Write a subject phrase that explains your point first. This is your paragraph's opening sentence. Following that, state your argument, or why you believe the topic phrase is correct. Finally, support your point with evidence (facts, quotations, examples, and statistics).
Each supporting paragraph should begin with a topic sentence. This sentence helps the reader understand your point. Everything in the paragraph should back up the statement you made in the first sentence. Use particular information from your study and specific examples to strengthen and explain your position. Avoid using general statements that can be interpreted differently by different readers.
Here are some other tips for writing strong supporting paragraphs:
- Identify your main idea. Start each paragraph with a clear and direct question that reveals what you want the reader to know. For example, if your topic is "ways children learn languages," then one way to create a strong supporting paragraph is to ask, "What are some ways children learn languages?" This question gets your reader thinking about how languages are learned by children. The answer you get will help you develop your argument further in the paragraph.
- Provide details on how and why things happen. Every paragraph should include two sentences explaining how and why something happens. These sentences provide context for the story and keep it moving forward. Without them, your essay would be written in a very general manner, which makes it difficult for the reader to understand where you're going with your argument.
- Make sure every word you use contributes to the discussion. Even nouns and verbs that seem unimportant can change how we interpret what happened in the text.
Begin by introducing the quotation or proof. Finally, provide the page or paragraph number in parentheses at the end. [2 sentences] Explain, elaborate, and remark on how the quotation or information supports the topic sentence. It is essential to end or summarize your written response. Use language that is clear and concise without being dull or boring.
A subject statement and two or three phrases to clarify or prove your topic sentence are required for paragraphs in the body of your essay, not the introduction or conclusion. These lines respond to the questions "Why?" and "Prove it!" Examples, facts, logical assertions, factual stories, and so forth can all be used. The basic form of each paragraph should be similar to this: Subject + Verb + Object.
Using these three parts, you can create any number of paragraphs on any number of subjects. Start with a good topic sentence that states the main idea of the paragraph and includes enough information for the reader to understand the topic fully. Follow it with supporting details (facts, examples, and observations) that relate back to the topic sentence. Finish with a summary statement highlighting key ideas from the paragraph and providing closure to the whole essay.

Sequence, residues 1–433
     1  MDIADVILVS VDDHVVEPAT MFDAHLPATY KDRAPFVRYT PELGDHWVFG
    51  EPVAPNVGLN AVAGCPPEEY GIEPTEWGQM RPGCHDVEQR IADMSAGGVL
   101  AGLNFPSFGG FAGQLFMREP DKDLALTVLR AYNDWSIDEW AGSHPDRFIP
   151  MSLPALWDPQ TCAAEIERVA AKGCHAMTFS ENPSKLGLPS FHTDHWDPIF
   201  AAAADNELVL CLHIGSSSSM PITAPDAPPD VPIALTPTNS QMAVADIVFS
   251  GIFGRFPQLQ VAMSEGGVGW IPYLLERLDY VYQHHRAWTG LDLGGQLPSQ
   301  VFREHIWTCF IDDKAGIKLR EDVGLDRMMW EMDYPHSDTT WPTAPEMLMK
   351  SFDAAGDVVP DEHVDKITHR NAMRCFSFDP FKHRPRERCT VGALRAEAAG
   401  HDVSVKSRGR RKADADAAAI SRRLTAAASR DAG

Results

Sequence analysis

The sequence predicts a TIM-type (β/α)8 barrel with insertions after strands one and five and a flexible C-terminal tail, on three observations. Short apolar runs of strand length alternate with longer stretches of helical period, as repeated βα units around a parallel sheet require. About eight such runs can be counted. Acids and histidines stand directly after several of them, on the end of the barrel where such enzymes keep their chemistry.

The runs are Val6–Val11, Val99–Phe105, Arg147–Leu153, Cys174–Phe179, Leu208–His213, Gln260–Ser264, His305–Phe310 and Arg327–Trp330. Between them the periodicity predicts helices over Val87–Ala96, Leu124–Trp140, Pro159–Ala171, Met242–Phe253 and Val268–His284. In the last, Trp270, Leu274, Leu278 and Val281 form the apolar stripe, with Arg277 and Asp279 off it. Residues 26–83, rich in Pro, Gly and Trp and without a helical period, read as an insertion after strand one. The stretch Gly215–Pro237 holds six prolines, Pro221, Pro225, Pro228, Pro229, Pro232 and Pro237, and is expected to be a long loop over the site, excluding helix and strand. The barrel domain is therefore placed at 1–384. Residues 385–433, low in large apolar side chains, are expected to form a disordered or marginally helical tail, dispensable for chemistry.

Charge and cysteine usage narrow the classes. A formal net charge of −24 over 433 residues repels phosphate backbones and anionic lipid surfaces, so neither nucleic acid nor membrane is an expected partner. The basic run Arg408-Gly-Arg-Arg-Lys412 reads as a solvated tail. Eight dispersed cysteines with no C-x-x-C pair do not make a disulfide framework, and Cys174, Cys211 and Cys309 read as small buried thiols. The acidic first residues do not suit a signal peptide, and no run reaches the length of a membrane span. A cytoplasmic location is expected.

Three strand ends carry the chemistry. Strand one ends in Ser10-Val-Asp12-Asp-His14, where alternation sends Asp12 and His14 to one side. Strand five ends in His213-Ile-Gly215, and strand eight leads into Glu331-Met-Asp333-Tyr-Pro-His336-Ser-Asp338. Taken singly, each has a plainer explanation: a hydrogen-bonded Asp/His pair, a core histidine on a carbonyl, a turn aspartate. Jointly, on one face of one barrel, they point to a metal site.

In order for an essay to be considered well-written, it must include several good paragraphs. Even if you're working on a single topic page, start every paragraph with a subject sentence to keep the essay organized. This will help readers follow along easily and give them insight into the main idea of each paragraph.
Additionally, don't forget to use clear, specific language! Avoid using big words that many people know. Instead, use simple terms that can be understood by anyone who reads your essay. This will make sure that everyone understands what you're trying to say.
Body paragraphs should be written in the usual pattern for well-developed paragraphs, which includes a subject sentence, detail sentences, and a conclusion sentence. Your paragraph should also have a claim, proof, and an explanation. You must state your claim in a subject sentence. Then, you need to supply supporting evidence by using detail sentences. Finally, give your reader reasons to believe that you explanation is valid by using conclusion sentences.
Explanatory paragraphs explain something about the topic or concept being discussed in the paper. They provide information about what causes something to happen, how something works, or why someone does something. Examples might be "The rising cost of food production" or "John Doe was fired from his job because he cheated on his income tax return." Explanatory paragraphs should contain fewer than five sentences.
Persuasive paragraphs try to influence the reader by using logic and evidence to prove that one idea is better than another. Persuasive paragraphs often argue for one position over another and may contain information not found in the original source. For example, an essay arguing for gun control legislation could conclude with facts about school shootings that would not be mentioned in either the introductory chapter or the original article.